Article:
President Obama has signed the Post-9/11 Veterans Education Assistance Improvement Act (GI Bill 2.0) into law. The reforms are being praised for streamlining the GI Bill – mainly by doing away with the state-by-state tuition and fee rates. However, the law also adds some complicating factors, like an annual cap which only applies to private schools and new housing stipend limits based on the number of classes a student takes each term.
While no one would argue the need for change, the bill comes with several trade-offs that some vets, and veterans program administrators, find hard to accept. Like most legislation there is always unintended consequences – both winners and losers.
- National Guard members, who didn’t qualify under the old rules, can now use both AGR and title 32 time to count toward their Post-9/11 GI Bill eligibility.
- Active duty servicemembers and their eligible spouses will qualify for the $1000 annual book stipend.
- Students attending 100 percent of their classes online (distance learning) can now qualify for a housing (living) stipend of up to $673.50 a month for full-time enrollment.
- Veterans seeking degrees of all levels – under-grad through doctorate – will have 100 percent of the in-state tuition and fees paid by VA, as long as they attend a state operated (public) institution of higher learning. (Non-resident students will have to fund any tuition and fees which exceed the school’s in-state tuition rate).
- Veterans seeking vocational, technical, certificate, on-the-job-training, and apprenticeship programs will be able to use the Post-9/11 GI Bill.
- Veterans who need to take placement exams to apply for school (LSAT, GRE, GMAT, SAT, ACT) will be eligible for reimbursement for the exam fees.
- Eligible NOAA and USPHS personnel will be able to transfer Post-9/11 benefits to dependents.
- Voc-Rehab participants will have the option to use their Post-9/11 housing stipend instead of the VR&E subsistence rate.
- Veterans who must rely on the housing stipend to cover their living expenses during mandatory school break periods will find the payments end during such breaks.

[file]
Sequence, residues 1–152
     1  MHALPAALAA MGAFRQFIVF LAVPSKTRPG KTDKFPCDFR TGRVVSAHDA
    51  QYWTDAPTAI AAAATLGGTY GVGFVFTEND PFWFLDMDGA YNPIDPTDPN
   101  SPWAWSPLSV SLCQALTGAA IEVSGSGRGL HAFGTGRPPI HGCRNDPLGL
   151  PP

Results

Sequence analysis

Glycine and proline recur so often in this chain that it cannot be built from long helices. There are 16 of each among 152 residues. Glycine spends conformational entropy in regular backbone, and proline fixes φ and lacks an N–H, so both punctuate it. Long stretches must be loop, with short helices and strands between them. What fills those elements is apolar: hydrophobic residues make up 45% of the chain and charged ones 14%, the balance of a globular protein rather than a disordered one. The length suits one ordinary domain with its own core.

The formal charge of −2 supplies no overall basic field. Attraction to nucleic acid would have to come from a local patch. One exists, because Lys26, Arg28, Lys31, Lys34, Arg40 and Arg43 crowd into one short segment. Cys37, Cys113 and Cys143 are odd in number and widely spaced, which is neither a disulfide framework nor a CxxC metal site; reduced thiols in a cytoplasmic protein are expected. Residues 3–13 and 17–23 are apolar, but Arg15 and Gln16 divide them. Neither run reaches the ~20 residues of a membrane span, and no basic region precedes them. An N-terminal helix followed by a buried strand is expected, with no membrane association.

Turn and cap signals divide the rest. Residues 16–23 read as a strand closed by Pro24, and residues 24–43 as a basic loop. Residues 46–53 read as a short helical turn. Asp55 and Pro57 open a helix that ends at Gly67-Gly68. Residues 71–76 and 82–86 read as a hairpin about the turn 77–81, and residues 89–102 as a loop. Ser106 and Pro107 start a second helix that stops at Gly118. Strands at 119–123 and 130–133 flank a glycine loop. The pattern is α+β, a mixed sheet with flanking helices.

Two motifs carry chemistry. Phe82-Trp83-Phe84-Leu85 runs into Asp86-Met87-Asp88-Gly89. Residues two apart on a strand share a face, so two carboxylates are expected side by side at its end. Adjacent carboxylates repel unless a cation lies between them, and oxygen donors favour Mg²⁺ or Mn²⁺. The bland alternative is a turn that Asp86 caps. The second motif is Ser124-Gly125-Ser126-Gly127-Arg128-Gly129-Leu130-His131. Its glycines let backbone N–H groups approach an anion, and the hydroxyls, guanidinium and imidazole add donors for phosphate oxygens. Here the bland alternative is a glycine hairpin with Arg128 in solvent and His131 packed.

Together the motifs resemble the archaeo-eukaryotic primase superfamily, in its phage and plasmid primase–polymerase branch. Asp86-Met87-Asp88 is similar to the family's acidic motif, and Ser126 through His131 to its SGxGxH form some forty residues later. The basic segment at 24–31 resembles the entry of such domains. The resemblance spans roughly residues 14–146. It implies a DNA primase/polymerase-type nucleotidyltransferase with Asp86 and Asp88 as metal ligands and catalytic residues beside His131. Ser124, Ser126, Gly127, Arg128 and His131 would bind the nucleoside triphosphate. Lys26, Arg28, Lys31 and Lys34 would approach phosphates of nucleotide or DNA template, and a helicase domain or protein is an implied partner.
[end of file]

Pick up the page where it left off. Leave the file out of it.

- Veterans enrolled at less than full-time will see their housing stipend prorated to match their rate of pursuit – the number of credit hours taken each term.
- Veterans whose private school tuition exceeds $17,500 a year will have to find alternative means for covering their tuition.
Note: Yellow Ribbon still applies and may be available to help cover the additional expenses.
- The Department of Veterans Affairs who is just now getting the kinks worked out with GI Bill 1.0. Some are forecasting that it will take up to 18 months to adapt the application and enrollment process to meet the new rules. Hopefully this won’t mean increased back logs and payment errors next fall when this new law goes into effect.
Note: Most of these changes go into effect in August and October of this year.
Some would argue that the trade-offs are necessary to cover the cost of expanding the benefits. But this is of little comfort to those who will find themselves on the losing end of these compromises.
White House Press Secretary, Robert Gibbs, told reporters that the administration will work with Congress to continue improving this important program this coming year. Let’s hope we can hold them to that. Guess we’ll call the next one GI Bill 3.0.